Level of Competition
A big part of deciding your marketing budget will come down to the level of competition in your industry — both the number of competitors and their scale. Obviously, in some sectors, there are juggernauts. If you're in the business of enterprise computer software, there's no point in trying to out-spend Microsoft.
But other industries are flooded with competitors that are of a similar size to you, sell a similar product at a similar price point, and target similar people. If that's the case, your marketing budget will have to be higher to avoid being drowned out in the crowd.
According to The CMO Survey, consumer packaged goods (food, beverages, cleaning products, cosmetics, etc.) spend the most on marketing — nearly a quarter of their revenue — due to the enormous amount of competition and relatively low differentiation in that space.
At the other end of the spectrum are industries like transportation, energy, and manufacturing. Those industries tend to be dominated by a few big players and aren't as consumer-facing, so the need for flashy ad campaigns is significantly reduced. A company like Caterpillar can spend its entire marketing budget on a few major trade shows and some targeted LinkedIn ads and reach everyone it needs to.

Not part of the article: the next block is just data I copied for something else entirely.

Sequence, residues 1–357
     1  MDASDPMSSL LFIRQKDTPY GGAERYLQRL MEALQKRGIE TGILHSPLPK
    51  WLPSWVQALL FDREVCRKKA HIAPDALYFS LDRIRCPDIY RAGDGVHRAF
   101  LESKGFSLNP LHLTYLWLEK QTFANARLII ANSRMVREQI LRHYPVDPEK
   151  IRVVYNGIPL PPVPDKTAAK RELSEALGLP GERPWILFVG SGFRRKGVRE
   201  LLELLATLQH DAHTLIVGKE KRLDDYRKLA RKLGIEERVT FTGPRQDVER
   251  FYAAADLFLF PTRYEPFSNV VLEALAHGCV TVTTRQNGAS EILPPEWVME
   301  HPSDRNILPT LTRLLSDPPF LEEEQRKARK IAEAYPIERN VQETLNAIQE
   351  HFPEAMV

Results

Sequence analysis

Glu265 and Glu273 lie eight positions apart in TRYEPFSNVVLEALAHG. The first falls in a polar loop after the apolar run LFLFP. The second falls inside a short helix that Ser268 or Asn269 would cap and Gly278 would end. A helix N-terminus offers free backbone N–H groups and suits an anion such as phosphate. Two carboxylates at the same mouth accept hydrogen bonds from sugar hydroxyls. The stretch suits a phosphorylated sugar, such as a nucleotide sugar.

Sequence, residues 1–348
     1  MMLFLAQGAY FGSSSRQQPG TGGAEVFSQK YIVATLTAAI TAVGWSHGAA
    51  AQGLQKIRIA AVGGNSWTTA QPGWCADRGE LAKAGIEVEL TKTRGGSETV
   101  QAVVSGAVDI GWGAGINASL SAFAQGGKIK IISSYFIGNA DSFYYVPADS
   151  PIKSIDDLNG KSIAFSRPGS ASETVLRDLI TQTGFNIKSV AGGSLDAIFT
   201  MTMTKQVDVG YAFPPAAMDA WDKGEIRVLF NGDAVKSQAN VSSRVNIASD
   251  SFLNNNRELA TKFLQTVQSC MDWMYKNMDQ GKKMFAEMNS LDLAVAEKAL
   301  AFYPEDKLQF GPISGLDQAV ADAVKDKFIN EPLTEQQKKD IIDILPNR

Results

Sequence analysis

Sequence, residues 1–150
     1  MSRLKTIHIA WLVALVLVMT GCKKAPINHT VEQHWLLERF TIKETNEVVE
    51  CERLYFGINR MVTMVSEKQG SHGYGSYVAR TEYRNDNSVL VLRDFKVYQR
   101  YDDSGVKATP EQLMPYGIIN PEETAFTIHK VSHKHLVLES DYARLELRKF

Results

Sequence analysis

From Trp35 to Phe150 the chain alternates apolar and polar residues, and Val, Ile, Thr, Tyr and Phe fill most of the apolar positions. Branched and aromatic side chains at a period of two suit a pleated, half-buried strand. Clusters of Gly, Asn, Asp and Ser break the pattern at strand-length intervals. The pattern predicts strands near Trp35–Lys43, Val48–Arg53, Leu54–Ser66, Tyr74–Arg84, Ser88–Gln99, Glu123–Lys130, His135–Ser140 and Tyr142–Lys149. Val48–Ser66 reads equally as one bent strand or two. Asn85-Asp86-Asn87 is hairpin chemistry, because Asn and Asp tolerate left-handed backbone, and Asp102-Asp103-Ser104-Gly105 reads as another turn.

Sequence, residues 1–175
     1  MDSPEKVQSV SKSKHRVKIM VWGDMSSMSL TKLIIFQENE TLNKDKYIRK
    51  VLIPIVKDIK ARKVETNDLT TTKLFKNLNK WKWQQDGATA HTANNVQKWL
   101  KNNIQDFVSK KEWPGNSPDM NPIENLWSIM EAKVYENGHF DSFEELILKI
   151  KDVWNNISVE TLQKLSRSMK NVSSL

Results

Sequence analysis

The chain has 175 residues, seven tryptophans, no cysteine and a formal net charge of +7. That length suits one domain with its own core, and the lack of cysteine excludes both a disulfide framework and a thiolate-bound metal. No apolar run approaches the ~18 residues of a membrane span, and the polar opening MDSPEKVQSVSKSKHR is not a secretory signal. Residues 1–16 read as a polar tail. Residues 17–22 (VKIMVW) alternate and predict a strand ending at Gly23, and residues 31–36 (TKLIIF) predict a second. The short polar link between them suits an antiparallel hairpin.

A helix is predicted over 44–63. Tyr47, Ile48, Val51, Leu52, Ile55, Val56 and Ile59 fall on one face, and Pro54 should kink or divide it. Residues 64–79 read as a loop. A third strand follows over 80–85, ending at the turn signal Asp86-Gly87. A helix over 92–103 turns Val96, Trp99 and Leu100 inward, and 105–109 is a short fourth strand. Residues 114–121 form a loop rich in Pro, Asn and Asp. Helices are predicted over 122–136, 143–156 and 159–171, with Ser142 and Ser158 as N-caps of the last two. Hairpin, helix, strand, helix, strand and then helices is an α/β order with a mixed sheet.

Return on Investment
Finally, your marketing budget will depend on an obvious factor — how well it's actually working! If you put $1,000 into a social media campaign and make $5,000 in sales back, why limit yourself? Spend twice as much to reach twice as many people and make even more back.
Of course, the ROI of your marketing efforts isn't usually that cut-and-dried. Different channels will generate different returns and returns will fluctuate over time. You'll also hit a ceiling with any marketing effort, after which pouring more money into it won't necessarily help you bring in more revenue in return.
But the simple lesson is that if your marketing is working, keep spending! You'll more than make your money back, and you'll be growing your business in the meantime. Salesforce spends almost 50 percent of their revenue on marketing, but it's working — they've grown from around 10 percent market share to nearly 20 percent in just four years. In other words: if it's not broken, don't fix it.
Where to Spend Your Marketing Budget
Once you've decided how much to spend on marketing, digital and otherwise, you'll need to determine how to spend it. There are a practically infinite number of channels, platforms, and strategies to keep in mind when deciding how to spend a marketing budget, which can be seriously overwhelming. Should you spend on social media ads to drive traffic to the site? Or should you spend on improving the website itself?
Keep in mind: strategy and spending have sort of a chicken-and-egg relationship. Sometimes, budget dictates strategy — if you only have $10,000 to spend on marketing, then a Super Bowl commercial isn't in the cards for you. On the other side, sometimes strategy can dictate budget — if you need a new business website, you're going to want to pay top dollar for it, even if that's a more significant piece of your revenue than you were expecting.
Basing Your Spending on Company Goals
Company goals are as diverse and variable as the companies that set them, but they'll dictate a lot about where your marketing budget gets spent. Before you allocate any money, take the time to consider what your most important objectives are and how to focus on those goals. Let’s talk examples!